As many enterprises have come to appreciate this period of everybody working from home, an all-in-one communications/collaboration platform like Microsoft Teams can work well to bring together a distributed workforce. But Teams’ Swiss Army knife of capabilities can be intimidating, too — and that’s something that enterprises shouldn’t let derail the promise of the platform, advised Kevin Kieller, co-founder and lead strategist of enableUC, during his Enterprise Connect Digital Conference session, “Taming Teams for Distributed Work
Teams isn’t just for team collaboration, it’s also for video conferencing, voice calling, chat, content sharing, and social engagement, plus it serves as a knowledge repository and allows for integration with third-party applications as well as automation, Kieller noted. In fact, that Teams is a rapidly evolving platform
that happens to be available as part of the Office 365 licensing bundle is a big driver for Teams adoption, he added.
Going All-in on Teams: Making Sense of Licenses, Using Analytics
If your enterprise uses Teams but hasn’t gone “all-in” on the platform capabilities, now’s the time to do so, Kieller said. And what he means by that is making Teams your sole audio conferencing and voice solution, as well as looking for ways to automate workflow processes with Teams and integrate their other third-party applications into Teams, Kieller said.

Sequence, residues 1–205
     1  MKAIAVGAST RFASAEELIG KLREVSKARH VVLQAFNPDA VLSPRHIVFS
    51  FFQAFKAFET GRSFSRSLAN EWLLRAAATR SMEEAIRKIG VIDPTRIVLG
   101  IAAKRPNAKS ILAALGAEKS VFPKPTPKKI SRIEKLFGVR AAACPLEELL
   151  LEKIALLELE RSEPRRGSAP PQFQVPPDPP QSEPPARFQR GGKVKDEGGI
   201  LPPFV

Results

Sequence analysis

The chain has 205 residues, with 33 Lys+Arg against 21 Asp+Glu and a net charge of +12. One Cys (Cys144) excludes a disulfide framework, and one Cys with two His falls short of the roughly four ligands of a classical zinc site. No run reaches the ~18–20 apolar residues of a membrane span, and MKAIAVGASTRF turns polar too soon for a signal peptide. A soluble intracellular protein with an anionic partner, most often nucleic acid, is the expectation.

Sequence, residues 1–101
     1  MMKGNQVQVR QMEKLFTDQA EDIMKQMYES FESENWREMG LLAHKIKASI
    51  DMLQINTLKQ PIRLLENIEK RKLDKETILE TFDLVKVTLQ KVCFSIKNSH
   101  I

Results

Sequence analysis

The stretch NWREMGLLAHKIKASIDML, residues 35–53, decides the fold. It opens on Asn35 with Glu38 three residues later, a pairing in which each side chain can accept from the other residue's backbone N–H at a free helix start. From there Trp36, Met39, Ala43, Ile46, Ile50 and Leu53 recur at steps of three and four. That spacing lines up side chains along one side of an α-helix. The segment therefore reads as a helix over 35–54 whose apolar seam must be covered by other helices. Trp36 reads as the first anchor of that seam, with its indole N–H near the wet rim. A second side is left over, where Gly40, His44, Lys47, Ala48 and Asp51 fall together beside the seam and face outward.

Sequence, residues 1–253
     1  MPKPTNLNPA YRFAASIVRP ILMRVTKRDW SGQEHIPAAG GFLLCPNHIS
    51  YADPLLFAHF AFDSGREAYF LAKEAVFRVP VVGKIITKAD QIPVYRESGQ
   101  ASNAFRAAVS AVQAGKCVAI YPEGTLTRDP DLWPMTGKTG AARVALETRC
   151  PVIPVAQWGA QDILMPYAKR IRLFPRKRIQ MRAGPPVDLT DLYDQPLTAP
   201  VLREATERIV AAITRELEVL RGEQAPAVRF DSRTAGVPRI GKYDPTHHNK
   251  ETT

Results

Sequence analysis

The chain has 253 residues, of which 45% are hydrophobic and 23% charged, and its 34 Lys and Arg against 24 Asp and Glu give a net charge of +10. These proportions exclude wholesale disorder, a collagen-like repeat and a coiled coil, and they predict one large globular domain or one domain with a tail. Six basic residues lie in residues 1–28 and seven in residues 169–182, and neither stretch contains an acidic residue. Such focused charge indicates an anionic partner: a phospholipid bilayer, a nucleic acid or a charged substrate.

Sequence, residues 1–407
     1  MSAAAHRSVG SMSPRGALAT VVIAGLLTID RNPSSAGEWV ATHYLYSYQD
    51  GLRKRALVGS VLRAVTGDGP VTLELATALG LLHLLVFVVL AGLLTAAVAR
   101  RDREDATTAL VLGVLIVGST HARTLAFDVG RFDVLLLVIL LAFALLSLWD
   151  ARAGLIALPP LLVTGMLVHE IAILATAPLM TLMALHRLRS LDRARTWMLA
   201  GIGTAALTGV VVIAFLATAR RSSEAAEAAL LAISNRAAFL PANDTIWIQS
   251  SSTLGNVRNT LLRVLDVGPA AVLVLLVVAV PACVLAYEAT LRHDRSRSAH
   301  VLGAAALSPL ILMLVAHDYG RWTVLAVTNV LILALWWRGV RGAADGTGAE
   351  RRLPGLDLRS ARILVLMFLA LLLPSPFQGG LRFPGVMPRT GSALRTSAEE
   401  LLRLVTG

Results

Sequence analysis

But going all-in on Teams does require some additional work. For instance, to make Teams your phone system, you need the appropriate license, a connection to the public switched telephone network, and proper configuration. Outside of the free Teams licenses, enterprises have the option to select several enterprise-grade or frontline worker licenses. Typically, enterprises will also need an audio-conferencing add-on, which allows users to dial into a conference bridge with a Microsoft-provided phone number, and a phone system license, Kieller said. Additionally, Microsoft offers several calling plans, in case you want Microsoft to be your carrier.
And like so many IT services and solutions, analytics and performance metrics are key to understanding how well Teams is doing, according to Kieller. He stressed the idea that analytics isn't about simply running a ton of reports — it's about getting actionable insight. And IT admins have a variety of sources to get this insight from Teams, including Office 365 admin reports, Teams admin reports, Power BI reports, and the call quality dashboard. As a best practice, Kieller recommended focusing on three areas to improve each month. For example, this might be underutilized functionality, Teams quality issues, or larger network issues, he said.
In closing, Kieller reiterated that WFH will continue to be a factor in the months and years to come, so getting Teams right will be crucial. Getting the full benefit of Teams requires experience and effort, along with maybe a bit of patience.